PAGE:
by Brent Winston, equine trainer
As we are being teased with warmer weather, many of us are anxious to get out and enjoy our horses with some trail-ride therapy. Maybe we haven’t had time to ride during the winter because it’s too dark by the time we get home or it’s just plain cold. But as we approach trail-riding season, we should consider our horse’s fitness level before we jump on and start going for long rides.
Horse fitness is often overlooked because horses are big, strong animals that should be able to handle a lot of work. However, even the strongest of horses functions the same as you and I physiologically, meaning that their muscles get sore, their tendons and ligaments get tight, they run out of air and they get tired. A sore, tired horse can be a grumpy, uncooperative horse—which takes the fun out of riding. However, if our horses are prepared for longer trail rides, they will not only feel better, but the risk of injury will be minimized. Here are some steps that will help you and your horse enjoy trail-riding season a little more:
First, make sure your horse is healthy enough to start getting in shape. When your veterinarian comes out for spring vaccinations, have him or her give your horse a brief checkup and a quick, general lameness exam. It is common for horses to stand around and not do much during the winter, making it easy for a slight lameness to go unnoticed. Also consider your horse’s diet. As you start to get him in shape and ride more, he will be burning more calories, so you might need to add feed to supplement those lost calories. However, be honest about how much you are actually riding and the amount of feed you are giving. If you are feeding a high-calorie diet and not riding as much as you had hoped, your horse will start to have a bunch of pent-up energy, which can affect his behavior in many ways. I have heard it said that 80 percent of behavior problems are because the horse is overfed and under-ridden. Of course, this should be determined on a horse-to-horse basis as no two horses are the same.
The next step is a process called loading, which means start light and build up from there. For example, if I want to get my horse ready for a three-hour ride, I might start with short, half-hour walks to get a lot of the kinks worked out and help my horse get limber. I will then work up to 45-minute rides and then an hour, three to four days a week. The best way to build up to a three-hour ride is to increase the intensity, because it simply isn’t practical to go for a two- or three-hour ride three days a week. After you walk out for a week or so, you can start trotting for 10 minutes during your 30-minute ride, and then start loading from there. The general rule of thumb is to increase the volume and intensity by no more than 5 percent per week. You will start to see changes in your horse’s cardiovascular fitness almost immediately (seven to 10 days). Start conditioning your horse six to eight weeks prior to create a solid foundation for fitness.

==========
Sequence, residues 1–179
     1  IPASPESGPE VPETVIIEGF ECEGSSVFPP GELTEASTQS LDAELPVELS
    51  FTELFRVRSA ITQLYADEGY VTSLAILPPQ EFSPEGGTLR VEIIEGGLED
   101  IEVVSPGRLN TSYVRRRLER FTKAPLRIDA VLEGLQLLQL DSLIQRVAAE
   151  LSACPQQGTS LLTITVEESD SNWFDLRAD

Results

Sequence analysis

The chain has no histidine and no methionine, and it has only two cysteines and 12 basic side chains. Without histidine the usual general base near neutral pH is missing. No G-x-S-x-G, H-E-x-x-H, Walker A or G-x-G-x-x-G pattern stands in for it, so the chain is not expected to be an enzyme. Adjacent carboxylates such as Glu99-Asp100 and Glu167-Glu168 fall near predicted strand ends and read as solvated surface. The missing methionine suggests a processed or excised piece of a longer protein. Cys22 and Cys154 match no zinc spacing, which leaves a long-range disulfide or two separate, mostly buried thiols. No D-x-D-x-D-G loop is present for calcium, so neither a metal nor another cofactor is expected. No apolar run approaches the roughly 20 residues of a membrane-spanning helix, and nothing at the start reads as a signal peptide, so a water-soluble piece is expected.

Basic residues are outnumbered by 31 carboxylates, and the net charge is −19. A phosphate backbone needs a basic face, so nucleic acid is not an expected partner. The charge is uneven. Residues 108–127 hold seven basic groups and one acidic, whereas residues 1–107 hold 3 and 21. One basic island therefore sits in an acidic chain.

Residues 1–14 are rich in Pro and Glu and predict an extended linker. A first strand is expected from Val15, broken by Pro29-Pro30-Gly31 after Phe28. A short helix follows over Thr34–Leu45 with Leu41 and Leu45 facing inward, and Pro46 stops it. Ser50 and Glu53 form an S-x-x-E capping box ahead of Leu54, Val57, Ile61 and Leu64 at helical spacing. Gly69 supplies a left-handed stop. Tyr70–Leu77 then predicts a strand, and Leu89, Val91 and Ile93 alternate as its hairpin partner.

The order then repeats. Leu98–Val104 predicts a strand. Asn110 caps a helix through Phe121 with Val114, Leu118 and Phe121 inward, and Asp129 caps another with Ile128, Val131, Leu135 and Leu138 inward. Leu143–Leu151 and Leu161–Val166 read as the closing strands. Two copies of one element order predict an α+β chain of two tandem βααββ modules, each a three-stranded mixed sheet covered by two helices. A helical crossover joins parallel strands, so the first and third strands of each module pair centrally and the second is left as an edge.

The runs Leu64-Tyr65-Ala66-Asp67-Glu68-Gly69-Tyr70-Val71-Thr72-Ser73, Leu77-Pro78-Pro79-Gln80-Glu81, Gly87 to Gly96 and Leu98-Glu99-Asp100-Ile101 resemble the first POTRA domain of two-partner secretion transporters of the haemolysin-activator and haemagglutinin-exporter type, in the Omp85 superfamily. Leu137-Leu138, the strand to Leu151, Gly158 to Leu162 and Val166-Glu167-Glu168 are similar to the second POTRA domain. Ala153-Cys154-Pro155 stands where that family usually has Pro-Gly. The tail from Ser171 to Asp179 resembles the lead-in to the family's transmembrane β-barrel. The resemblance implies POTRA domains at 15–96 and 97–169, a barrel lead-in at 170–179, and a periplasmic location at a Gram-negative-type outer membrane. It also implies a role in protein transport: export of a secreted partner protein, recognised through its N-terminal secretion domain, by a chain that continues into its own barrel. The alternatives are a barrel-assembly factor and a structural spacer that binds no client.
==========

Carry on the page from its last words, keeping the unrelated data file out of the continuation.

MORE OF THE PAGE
Next, it is important to work your horse on a variety of different surfaces to help strengthen the supporting tissue of the lower limbs. On trail rides, we often ask our horses to step through rocks and water, and over logs and a multitude of different terrain and obstacles. If your horse isn’t conditioned to this, you can run the risk of rolling ankles and bowing tendons. Just like us, it only takes one wrong step, and then we are on stall rest. By conditioning to different terrain, you are minimizing the risk of injury.
The last step is to get yourself in shape to ride, if for no other reason than that you will feel less sore and enjoy riding a lot more. It will also allow you to help your horse negotiate rough terrain, go up and down hills, and all the other things you may ask your horse to do. If you have a strong core, you will be able to ride more efficiently and make the ride nicer on yourself and your horse. Some good exercises to do are squats, sitting on a balance ball, lunges and plain old walking. Of course, horseback riding is a great core builder too. As with conditioning your horse, ease into it and build up. If we do too much right away, we will become sore and unmotivated just like our horses.
In conclusion, set yourself and your horse up for success by being prepared. Check him out to ensure he is happy and healthy enough to start getting in shape. Start light and ease into it so that it is enjoyable for both of you. Condition your horse to a variety of riding scenarios to minimize the risk of injury. Make sure you are in shape for the riding that you intend to do. And until next time, keep ridin’ with a loose rein and check yer cinch from time to time.